Wheaton College Norton, Massachusetts

Staying close and moving forward

Cold Stream Pond in Lincoln, Maine

In the photo, from left to right, front row: Amy Dumont ’09, senior account executive, Pearson; Emily Firment ’11, current Wheaton SGA president; Aarika DuPlissie ’09, administrative coordinator, Jewish Community Alliance of Southern Maine; Leo Gayne, deputy director of public engagement, Office of the Mayor of Cambridge, Mass. Back row: Jonathan Wolinsky ’10, assistant director of admission, Wheaton; Arian Gower ’09, graduate student, Rosalind Franklin University; Persephone Tan ’09, staffer for New York City council member; Austin Simko ’09; and Zachary Ginsburg ’10, graduate student, King’s College.

A caravan of dust-covered cars barreled down a dirt road. After four miles of bumpy and curving driving, our group arrived at its destination after six and a half hours of traveling from Boston. Here we were, nine Wheaton students and alums soaking up the summer of 2010, alongside Cold Stream Pond in Lincoln, Maine.

We converged on this location—338 miles from Norton and one moose trek from the Canadian border—for a reunion of our Student Government Association Executive Board.

It had been 15 months since we last did business as the governing board of SGA, 115 weeks since taking office, and 840 days since being elected to our nine offices in the spring of 2008. We had come from New York, Virginia, Maine, California and Massachusetts.

But what made this gathering special was not the time that had elapsed since Commencement scattered our paths, or even the geographical space that physically separated us. What made this reunion poignant was that our friendships had passed a test—our connection had proven real.

Two years earlier, we had each won our respective races for campus-wide office and became a board overnight. With several of us abroad that spring and all of us consumed by friends, fun and the future, our thoughts were far from the team of nine that the student body had assembled. Indeed, in those first months of leadership, we were more a potpourri than a unit. The nine of us hailed from around the country. We represented three separate graduating classes and six majors of study. Aside from Wheaton and a decision to place our names on the ballot, we had little in common.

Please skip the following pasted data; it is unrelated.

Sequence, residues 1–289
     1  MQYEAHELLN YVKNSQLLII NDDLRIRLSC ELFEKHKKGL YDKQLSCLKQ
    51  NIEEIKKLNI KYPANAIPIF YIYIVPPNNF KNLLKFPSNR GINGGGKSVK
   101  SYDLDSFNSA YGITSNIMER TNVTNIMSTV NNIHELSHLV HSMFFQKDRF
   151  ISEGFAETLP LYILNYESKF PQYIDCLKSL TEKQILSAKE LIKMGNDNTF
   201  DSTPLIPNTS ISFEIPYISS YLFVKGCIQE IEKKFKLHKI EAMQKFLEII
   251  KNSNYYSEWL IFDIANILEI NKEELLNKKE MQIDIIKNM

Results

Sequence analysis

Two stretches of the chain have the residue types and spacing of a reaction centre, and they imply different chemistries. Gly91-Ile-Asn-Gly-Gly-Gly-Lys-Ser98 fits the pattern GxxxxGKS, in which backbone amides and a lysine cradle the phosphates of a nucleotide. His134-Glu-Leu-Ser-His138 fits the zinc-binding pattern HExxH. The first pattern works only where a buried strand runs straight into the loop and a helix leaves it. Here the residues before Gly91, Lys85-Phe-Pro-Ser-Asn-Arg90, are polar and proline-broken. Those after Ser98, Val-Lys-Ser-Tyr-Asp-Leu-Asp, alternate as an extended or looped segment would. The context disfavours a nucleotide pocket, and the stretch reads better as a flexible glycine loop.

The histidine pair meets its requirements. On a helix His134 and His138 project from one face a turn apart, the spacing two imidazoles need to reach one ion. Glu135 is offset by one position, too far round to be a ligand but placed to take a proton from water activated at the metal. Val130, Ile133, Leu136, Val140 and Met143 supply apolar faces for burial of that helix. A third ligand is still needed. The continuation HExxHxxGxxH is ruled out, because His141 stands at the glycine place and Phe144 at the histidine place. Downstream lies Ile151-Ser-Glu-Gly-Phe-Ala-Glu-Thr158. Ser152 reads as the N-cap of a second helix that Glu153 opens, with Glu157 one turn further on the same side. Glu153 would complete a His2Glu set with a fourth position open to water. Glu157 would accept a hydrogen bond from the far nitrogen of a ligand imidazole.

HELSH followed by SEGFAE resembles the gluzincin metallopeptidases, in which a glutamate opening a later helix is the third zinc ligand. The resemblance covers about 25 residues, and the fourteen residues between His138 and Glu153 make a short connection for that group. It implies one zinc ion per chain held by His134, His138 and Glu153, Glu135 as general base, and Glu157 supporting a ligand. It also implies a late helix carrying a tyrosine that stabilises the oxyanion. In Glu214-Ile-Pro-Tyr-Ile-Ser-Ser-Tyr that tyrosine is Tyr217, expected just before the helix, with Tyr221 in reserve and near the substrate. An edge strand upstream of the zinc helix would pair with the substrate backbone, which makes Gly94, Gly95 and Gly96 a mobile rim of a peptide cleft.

But as we settled into our offices that summer and fall, the differences that had defined our separateness began to feed our success. Along with nearly 100 projects, we created an annual winter musical, an energy-saving competition among the dorms, a summer stipend program for internships, and a more equitable sanctioning policy. We forged a team that, far from smoothing over our differences, thrived on them.

While some among us valued efficiency and productivity, others offered a focus on inclusion and deliberateness. While some sought concrete, programmatic change, others pursued constructing a new campus culture. Our team was a blend of seriousness and humor, realism and idealism.

But as our terms drew to a close in spring 2009, our biggest challenge was yet to come: staying close as we moved forward.

In the short time since that Commencement, we have charged forward in varied directions. Within our ranks is an incipient doctor, a senior counselor to the mayor of Cambridge, Mass., an account executive, a staffer for a New York City council member, and a student of war studies at Oxford, to name a few paths.

It would have been easy to treat our team as a positive but fading memory. But we chose to view it as a present and active reality. We chose to celebrate holidays, share successes, voice concerns and extend unconditional support.

All of this we did virtually, replacing conversations on the Dimple with chats on g-mail. So as the one-year anniversary of our leaving office approached and passed, we decided to have a reunion where we could come together in person.

Getting nine people to Cold Stream Pond was no easy task. Altogether, we traveled a total of 6,160 miles. The planning had been tiring and the trip long, but when we arrived in the Maine woods, we each knew it had all been worth it.

For the next five days we swam, kayaked, Jet-Skied, talked, teased, ate and laughed. We felt the warmth of lasting friendship and the pride in forging a community out of a collection. This community shared an affinity to a college, a commitment to service, and the capacity for adaptation. And though we were hundreds of miles from Wheaton, the source of our wellspring felt near.

Now, nearly two years since leaving our posts, though we hold no titles, we are more of a board than we have ever been. As the years pass, careers take off and families spring up, we will continue to grow closer.

None of us can say what the future holds for us as individuals or as a group. But one path is certain: We will again find ourselves on a bumpy, curving dirt road in August of 2011.